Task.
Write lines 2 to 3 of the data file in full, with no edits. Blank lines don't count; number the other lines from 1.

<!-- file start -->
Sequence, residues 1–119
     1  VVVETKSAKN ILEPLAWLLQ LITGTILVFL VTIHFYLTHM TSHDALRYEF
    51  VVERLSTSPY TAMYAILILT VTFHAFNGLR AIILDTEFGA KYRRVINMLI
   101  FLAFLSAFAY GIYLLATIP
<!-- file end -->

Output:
     1  VVVETKSAKN ILEPLAWLLQ LITGTILVFL VTIHFYLTHM TSHDALRYEF
    51  VVERLSTSPY TAMYAILILT VTFHAFNGLR AIILDTEFGA KYRRVINMLI